This may be the top question I get when I work with library digitization projects. Recently, a seminar was convened to address the broader issue:
Undue Diligence: Seeking Low-risk Strategies for Making Collections of Unpublished Materials More Accessible
OCLC, a nonprofit membership organization of computer, library service and research organizations, organized the seminar and coordinated the effort that resulted in a one page document to help users with a practical approach to selecting collections, making decisions, seeking permissions, recording outcomes, establishing policy and working with future donors: Well-intentioned practice for putting digitized collections of unpublished materials online.
Fairly Used sits down with Ricky Erway and Merrilee Proffitt, Senior Program Officers, OCLC Research to learn more.
Minow: What prompted you to develop the Well-Intentioned Practice Document for libraries and archives?
Proffitt: This is a follow-up to a previous activity we did with institutions to encourage them to digitize more from special collections, and do it at scale. Our original exercise (which resulted in a paper called Shifting Gears) was aimed at getting institutions to refocus from digitizing a few collection high points, to digitizing entire collections, and to do it at scale. To focus more on access and less on preservation. For those institutions who held more modern collections, concern about rights was big stumbling block.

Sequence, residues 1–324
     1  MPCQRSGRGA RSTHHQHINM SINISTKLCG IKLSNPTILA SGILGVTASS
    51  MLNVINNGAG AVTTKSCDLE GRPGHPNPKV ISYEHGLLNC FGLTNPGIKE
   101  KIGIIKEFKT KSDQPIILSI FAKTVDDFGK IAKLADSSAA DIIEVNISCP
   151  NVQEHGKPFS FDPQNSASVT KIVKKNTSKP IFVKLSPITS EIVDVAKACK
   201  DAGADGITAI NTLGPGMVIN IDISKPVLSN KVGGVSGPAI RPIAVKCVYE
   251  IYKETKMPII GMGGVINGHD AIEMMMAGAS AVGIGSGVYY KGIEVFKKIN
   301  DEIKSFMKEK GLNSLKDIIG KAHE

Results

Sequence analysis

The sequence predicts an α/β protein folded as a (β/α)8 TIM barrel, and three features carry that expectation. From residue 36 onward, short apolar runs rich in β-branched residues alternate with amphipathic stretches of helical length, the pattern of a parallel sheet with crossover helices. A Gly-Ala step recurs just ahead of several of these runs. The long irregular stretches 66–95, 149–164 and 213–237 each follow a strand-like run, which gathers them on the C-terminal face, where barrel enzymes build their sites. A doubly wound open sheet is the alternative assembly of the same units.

Erway: We had ruled rights issues off-topic for that activity, but now it was time to look at the issue of rights – and to do it from a risk management perspective. I’d like to be clear that the Well-intentioned Practice document was drafted with the help of an advisory group and the speakers of the event you mentioned and had lots of review and reworking by others during and after the event. It is not an OCLC document. It is of, by, and for the community.
Minow: Is there a connection with the Society of American Archivists Orphan Works: Statement of Best Practices? See our interview with Heather Briston on that statement.
Proffitt: OCLC Research and the RLG Partnership actually funded the meetings that led up to the publication of that document, and I was privileged to participate in the discussion and also played a small role in writing the document. I think the documents are very complementary. From my viewpoint, the well intentioned practices can be used at a higher level, to help rule collections in and out of scope for digitization.
Erway: There is still an important role for guidelines (how to determine if something is still in copyright, how to balance the fair use factors, how to locate rights holders…) They should be considered on a case by case basis. It all depends on the nature of the collection and the perceived risk.